In the years since India won independence from the British, groups of anthropologists have tried to study them.
But no one has managed to get through. Several times, Mr. Pandit said, the Sentinelese have turned their backs on anthropologists and squatted down, as if they were defecating.
In 2006, two Indian fishermen who accidentally washed up on their shores were killed. When a military chopper flew low over the island, some men fired arrows at it. These days, the Indian authorities aren’t taking any chances. The Navy enforces a 3-mile buffer zone around North Sentinel. But police suspect Mr. Chau went at night with the intention of circumventing the authorities.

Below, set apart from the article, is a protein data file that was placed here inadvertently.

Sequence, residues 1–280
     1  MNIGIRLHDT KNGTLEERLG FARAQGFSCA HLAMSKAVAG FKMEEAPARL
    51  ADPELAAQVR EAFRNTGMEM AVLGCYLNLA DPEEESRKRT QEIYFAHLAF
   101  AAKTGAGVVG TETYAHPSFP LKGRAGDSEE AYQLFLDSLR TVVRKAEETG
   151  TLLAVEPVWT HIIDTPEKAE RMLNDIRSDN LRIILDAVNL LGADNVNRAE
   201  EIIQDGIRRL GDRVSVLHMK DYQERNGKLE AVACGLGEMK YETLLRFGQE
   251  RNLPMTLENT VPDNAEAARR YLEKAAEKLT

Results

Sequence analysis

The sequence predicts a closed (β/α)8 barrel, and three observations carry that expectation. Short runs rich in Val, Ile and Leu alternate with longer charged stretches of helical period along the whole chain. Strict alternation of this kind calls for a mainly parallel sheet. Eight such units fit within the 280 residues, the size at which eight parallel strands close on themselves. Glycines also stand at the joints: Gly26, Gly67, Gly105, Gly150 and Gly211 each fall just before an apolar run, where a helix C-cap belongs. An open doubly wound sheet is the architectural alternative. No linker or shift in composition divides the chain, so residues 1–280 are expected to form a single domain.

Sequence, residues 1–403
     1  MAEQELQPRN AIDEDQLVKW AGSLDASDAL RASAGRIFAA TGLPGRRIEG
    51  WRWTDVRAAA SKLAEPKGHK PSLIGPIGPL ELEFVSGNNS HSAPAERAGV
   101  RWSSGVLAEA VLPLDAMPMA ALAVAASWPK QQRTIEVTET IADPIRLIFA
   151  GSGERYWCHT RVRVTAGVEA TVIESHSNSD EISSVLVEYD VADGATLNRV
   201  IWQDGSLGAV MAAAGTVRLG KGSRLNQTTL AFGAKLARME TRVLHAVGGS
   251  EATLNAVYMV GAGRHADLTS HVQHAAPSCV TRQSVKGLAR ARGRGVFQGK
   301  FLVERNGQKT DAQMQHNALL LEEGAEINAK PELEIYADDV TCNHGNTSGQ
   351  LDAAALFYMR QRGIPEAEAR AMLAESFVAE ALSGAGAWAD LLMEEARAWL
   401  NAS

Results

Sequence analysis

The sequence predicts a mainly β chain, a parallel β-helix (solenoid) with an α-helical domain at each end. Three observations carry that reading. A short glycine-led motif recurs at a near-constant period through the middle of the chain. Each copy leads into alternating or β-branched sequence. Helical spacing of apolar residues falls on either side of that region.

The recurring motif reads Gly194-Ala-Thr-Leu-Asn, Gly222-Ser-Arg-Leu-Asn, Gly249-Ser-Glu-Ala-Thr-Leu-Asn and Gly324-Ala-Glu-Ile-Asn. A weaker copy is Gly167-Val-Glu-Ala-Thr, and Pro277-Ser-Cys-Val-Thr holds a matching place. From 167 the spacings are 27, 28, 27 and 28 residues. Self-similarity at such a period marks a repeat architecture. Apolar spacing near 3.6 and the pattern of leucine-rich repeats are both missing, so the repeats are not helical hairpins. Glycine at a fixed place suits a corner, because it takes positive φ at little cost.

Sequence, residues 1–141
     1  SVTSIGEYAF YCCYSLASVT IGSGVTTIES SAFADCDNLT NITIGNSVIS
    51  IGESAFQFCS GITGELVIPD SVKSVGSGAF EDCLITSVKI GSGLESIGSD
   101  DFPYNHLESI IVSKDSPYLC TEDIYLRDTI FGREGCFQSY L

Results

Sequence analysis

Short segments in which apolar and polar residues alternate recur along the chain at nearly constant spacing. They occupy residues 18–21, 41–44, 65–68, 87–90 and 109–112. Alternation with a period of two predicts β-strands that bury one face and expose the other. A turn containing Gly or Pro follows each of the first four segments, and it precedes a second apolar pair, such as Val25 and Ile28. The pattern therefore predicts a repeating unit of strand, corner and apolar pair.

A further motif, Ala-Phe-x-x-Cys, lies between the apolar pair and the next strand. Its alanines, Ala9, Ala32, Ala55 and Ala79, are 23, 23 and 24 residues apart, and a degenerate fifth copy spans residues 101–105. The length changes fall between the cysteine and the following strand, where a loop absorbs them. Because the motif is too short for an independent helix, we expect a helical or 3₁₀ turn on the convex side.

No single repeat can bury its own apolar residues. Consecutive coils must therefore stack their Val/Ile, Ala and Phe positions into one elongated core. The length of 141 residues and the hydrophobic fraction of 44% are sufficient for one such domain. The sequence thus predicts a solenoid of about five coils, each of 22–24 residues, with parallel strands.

It is unknown what the Sentinelese call each other, or whether any other group in the world understands their language. When an expedition brought members of another indigenous tribe to North Sentinel, thinking they might share linguistic similarities, neither side understood one another.